Question from Gregg: “Your forum board looks a little scary, not having frequent posts. What are your favorite webinar technologies, i.e. GoToWebinar, ON24, etc.?”
First things first… I know the Web Conferencing Community Forum hasn’t had a lot of action lately. That is one of the reasons I’m encouraging people to write in their questions on it. I’m hoping I can stimulate more frequent usage, which will benefit everyone. I also fixed a problem that hid my “Ask Ken” topic from non-registered guests. Please don’t be afraid to register on the forum so you can add your question. Registration is there purely to keep auto-spammers from filling up the boards. I don’t collect registered names for marketing purposes, I don’t send mailings, and no vendors get them. By the way, there is a hard to see link at the bottom of the home page. In very small text, you can click on “View the 10 most recent posts” to see the latest additions from others. A very useful feature for following the latest threads!
Now on to your main query. This is probably the question I hear the most from clients, public webinar attendees, and strangers at parties. And nobody likes my answer. There is NO single web conferencing/webinar technology that gets everything right in my opinion. They each have strengths and weaknesses. And I’ll often recommend a technology for one client based on their needs and a different technology for other clients.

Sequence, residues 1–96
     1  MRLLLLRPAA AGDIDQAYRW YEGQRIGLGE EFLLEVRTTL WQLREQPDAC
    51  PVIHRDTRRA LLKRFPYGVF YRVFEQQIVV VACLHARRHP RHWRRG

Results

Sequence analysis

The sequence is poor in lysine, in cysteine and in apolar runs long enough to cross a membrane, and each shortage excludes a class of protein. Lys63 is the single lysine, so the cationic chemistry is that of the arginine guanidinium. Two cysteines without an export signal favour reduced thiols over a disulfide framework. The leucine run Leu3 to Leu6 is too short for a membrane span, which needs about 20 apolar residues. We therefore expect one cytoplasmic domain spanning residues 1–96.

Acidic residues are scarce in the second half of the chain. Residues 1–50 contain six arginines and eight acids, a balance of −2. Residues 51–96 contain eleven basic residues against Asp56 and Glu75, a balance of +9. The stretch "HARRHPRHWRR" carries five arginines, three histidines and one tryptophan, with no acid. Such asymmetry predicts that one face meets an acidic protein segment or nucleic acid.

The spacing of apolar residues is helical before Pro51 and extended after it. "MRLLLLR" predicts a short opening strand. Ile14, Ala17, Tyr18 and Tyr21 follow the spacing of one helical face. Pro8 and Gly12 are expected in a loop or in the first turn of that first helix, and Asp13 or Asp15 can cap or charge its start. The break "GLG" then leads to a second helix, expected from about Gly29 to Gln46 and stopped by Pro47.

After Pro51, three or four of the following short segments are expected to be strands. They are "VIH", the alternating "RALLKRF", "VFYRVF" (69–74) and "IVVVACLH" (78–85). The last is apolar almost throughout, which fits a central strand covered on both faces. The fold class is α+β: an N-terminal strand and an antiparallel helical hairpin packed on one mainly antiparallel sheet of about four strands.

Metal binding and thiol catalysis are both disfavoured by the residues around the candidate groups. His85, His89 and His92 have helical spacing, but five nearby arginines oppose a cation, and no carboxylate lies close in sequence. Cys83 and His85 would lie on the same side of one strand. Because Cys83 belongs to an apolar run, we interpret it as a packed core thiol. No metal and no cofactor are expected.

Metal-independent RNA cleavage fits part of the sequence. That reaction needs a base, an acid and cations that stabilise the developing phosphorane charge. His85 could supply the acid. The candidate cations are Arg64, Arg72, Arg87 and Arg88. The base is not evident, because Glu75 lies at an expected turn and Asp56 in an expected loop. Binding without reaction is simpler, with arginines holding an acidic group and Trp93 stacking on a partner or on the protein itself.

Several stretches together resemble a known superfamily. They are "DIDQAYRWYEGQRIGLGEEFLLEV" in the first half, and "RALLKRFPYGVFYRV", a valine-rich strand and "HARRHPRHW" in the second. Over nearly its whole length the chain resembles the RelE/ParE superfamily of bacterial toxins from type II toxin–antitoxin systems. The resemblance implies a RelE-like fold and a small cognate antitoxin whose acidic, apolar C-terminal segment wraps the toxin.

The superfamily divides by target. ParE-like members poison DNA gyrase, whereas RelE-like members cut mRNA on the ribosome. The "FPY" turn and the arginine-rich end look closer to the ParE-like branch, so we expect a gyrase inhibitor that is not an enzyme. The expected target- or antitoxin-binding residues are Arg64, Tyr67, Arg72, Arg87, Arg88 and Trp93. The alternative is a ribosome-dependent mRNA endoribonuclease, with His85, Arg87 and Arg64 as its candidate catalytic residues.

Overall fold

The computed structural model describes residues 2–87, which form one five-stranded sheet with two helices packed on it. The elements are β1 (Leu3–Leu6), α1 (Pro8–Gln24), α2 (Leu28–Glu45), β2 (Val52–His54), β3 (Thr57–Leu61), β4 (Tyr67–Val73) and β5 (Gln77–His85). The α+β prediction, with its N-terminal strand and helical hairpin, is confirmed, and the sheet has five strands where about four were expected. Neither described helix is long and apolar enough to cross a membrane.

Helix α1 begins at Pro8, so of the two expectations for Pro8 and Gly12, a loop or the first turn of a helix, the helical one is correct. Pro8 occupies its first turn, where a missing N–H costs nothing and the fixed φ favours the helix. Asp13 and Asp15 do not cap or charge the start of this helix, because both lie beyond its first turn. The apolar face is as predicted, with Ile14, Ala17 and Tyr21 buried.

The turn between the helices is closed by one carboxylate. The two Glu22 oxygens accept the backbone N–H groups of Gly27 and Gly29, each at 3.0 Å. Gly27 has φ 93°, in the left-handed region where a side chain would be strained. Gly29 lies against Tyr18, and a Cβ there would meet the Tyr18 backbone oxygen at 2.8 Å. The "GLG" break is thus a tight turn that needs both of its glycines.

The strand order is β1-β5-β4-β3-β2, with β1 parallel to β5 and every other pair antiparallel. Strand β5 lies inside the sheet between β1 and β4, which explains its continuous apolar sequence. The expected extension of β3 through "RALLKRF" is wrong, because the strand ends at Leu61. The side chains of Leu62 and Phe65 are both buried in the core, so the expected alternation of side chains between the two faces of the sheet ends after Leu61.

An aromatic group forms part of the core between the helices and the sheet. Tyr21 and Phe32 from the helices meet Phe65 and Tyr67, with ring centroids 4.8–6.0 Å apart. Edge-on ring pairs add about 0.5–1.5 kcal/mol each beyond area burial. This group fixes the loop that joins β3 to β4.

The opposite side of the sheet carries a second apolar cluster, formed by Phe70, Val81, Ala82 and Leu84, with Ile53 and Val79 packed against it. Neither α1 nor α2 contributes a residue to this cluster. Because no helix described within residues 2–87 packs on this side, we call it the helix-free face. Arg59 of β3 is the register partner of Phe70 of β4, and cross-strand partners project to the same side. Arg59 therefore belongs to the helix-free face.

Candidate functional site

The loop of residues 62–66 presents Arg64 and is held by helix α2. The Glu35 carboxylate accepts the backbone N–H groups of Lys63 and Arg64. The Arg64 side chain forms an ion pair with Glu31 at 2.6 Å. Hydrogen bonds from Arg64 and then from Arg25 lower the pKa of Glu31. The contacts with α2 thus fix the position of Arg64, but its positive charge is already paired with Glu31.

I’m not trying to evade the issue, and I won’t shirk from an answer. But as soon as I write something here, I can expect to get inundated with emails and comments from vendors and supporters/detractors of the various products. So people, here’s the deal… Just because I don’t mention a particular technology does NOT mean it is bad. Just because I mention a particular positive or negative point does NOT constitute a complete product review. I have a limited space here to cover a huge and complex topic. Oh, and I am consciously avoiding a discussion of products more targeted at collaborative small group meetings. So you won’t see any mention of DimDim, Yuuguu, Glance, GoToMeeting, and other products targeted more at participatory meetings. Ready? Here we go.